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I was a healthy, active thirty-seven-year-old when I was diagnosed with breast cancer. I was lucky that the doctors caught it early. They found the tumor shortly after I tested positive for the BRCA genetic mutation. I got tested after my sister was diagnosed with ovarian cancer. My sister’s cancer saved my life.
I immediately had a double mastectomy. The recovery was agonizing. I felt a huge sense of loss. I had to take two months off work. Initially, I couldn’t use my arms. I lost my hair. I had reconstructive surgery, but my new breasts don’t feel like part of my body. I had my ovaries removed as a preventative measure.
The recovery was agonizing. I felt a huge sense of loss
The chemotherapy was worst of all. Listing the symptoms doesn’t do it justice. Chemo wrecks your body. There were days when I was so sick that I had to be spoon-fed by my partner.
My relationships got me through the worst. My partner was there at every step. My friends and family brought me food, checked in on me, sent cards and gifts. It was an outpouring of love. That’s one positive thing that came out of my cancer: I learned how much people love me. And that motivated me to recover faster. It inspired me to get out of the house and go for walks. There were a million reasons to get off the couch. I wanted to get well and be my best self, for them and for me.
The other thing that got me through was sheer grit and determination. Being an athlete taught me to be tough. It showed me how to push through adversity. It taught me not to complain.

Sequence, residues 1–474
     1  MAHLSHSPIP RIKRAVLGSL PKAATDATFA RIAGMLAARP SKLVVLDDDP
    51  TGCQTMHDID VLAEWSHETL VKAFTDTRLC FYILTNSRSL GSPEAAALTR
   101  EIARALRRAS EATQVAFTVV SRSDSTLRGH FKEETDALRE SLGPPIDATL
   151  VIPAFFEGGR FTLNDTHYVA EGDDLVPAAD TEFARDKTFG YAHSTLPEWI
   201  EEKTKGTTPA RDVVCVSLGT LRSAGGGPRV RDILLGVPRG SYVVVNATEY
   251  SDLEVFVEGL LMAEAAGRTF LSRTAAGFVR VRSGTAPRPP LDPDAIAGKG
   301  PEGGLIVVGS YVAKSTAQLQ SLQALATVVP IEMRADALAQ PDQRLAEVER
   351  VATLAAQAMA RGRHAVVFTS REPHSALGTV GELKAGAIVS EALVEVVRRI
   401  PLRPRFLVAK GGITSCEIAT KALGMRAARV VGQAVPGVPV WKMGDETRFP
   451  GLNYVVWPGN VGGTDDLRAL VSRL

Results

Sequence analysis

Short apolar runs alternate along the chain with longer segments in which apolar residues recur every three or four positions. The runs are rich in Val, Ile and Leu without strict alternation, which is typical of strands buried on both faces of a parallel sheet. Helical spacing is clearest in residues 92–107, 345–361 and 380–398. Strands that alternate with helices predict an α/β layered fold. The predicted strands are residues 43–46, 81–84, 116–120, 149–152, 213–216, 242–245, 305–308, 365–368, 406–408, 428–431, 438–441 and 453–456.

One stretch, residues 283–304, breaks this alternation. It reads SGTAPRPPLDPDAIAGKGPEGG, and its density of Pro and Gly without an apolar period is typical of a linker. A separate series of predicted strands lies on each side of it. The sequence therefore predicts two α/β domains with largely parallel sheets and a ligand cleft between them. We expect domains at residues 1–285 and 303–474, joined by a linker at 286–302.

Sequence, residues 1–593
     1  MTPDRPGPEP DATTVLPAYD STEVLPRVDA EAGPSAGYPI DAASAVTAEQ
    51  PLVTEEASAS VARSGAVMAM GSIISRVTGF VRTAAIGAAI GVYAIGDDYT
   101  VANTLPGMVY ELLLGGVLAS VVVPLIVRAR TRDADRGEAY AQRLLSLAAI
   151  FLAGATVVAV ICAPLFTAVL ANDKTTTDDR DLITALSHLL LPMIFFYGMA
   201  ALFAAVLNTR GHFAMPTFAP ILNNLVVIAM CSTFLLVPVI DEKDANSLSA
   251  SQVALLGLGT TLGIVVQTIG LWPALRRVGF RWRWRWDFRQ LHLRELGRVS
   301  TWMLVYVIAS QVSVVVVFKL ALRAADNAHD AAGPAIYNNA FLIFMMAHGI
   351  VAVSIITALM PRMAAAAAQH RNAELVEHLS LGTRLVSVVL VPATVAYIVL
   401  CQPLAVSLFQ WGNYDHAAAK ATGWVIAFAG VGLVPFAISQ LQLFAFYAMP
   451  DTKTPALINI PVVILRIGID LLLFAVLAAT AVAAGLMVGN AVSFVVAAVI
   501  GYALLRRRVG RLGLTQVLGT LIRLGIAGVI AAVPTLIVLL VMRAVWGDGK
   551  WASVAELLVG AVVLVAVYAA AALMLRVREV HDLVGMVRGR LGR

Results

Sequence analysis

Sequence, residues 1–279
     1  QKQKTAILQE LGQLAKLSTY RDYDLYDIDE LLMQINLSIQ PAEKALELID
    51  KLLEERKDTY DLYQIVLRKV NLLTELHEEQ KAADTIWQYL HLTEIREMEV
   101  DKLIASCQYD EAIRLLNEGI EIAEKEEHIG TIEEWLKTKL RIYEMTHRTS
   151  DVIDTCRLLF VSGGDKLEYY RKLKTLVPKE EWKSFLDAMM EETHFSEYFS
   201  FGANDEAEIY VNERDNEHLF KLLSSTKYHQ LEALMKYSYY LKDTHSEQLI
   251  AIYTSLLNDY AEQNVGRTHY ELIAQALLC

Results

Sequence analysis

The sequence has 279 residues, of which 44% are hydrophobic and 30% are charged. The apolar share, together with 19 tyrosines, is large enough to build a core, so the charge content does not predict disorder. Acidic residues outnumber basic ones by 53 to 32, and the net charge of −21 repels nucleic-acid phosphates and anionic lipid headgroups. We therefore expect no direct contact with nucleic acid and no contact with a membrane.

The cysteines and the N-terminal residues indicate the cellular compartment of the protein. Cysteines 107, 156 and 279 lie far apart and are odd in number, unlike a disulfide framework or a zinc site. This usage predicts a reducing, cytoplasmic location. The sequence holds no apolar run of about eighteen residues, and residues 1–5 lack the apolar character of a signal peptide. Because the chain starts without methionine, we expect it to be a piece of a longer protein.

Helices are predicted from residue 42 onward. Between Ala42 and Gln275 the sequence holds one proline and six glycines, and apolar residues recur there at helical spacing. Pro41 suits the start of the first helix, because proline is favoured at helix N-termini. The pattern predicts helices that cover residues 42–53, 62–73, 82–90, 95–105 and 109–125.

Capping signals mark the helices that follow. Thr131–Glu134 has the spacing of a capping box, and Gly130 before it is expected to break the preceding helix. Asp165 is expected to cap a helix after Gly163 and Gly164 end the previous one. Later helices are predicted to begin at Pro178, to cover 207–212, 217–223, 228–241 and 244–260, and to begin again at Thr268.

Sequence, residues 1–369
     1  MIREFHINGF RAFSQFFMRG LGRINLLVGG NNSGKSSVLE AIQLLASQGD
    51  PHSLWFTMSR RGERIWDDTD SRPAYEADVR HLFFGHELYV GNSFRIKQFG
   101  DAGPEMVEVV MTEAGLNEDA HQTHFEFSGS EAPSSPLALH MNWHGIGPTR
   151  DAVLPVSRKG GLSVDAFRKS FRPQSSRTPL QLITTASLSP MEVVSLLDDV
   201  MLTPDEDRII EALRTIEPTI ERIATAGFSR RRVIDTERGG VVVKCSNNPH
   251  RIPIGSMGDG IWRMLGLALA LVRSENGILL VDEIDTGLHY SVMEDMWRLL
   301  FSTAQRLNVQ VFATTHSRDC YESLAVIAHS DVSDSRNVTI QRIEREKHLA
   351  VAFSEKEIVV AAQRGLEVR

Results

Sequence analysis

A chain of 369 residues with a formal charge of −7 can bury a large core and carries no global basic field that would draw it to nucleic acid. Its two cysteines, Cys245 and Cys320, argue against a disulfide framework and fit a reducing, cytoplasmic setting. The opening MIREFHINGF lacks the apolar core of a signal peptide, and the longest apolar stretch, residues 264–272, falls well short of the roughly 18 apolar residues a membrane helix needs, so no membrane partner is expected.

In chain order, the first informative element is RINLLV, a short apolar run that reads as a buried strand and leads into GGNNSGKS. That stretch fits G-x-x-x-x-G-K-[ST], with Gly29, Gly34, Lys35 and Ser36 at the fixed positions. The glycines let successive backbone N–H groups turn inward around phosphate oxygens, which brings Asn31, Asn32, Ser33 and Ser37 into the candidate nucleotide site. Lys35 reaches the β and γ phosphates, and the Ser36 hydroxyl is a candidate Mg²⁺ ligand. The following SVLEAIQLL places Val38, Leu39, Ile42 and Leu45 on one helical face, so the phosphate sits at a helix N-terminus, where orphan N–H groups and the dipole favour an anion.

I had to learn how to let people help me
And I learned from my family. I come from a blue-collar family, and we’ve been through a lot. My father had breast cancer. My father and sister were my role models. They faced their own cancers with grace and resilience.
But I couldn’t do it on my own. I had to learn how to let people help me. I’m stubborn and don’t like to accept help. But for this battle, I really needed it. And I learned that allowing your friends and family to support you is helpful to them, too. It makes them feel less helpless, because they can do something to make a difference.
Nowadays I’m just happy to feel healthy. I’m grateful for my body’s capacity to heal from trauma. Three months after my treatments ended, I completed a triathlon. Then I ran a half marathon. Every single day, I am thankful for how well my body works and how good I feel. I value my life so much more since I came close to losing it.
Renee grew up in a blue-collar family just outside of Boston. She played collegiate basketball at Columbia University and earned a JD/MBA at the University of Connecticut. She is an in-house attorney and the head of HR for Zynga, a social gaming company. She lives in San Francisco with her partner, Jamie, and their dog.
Image Credit: Norman Jean Roy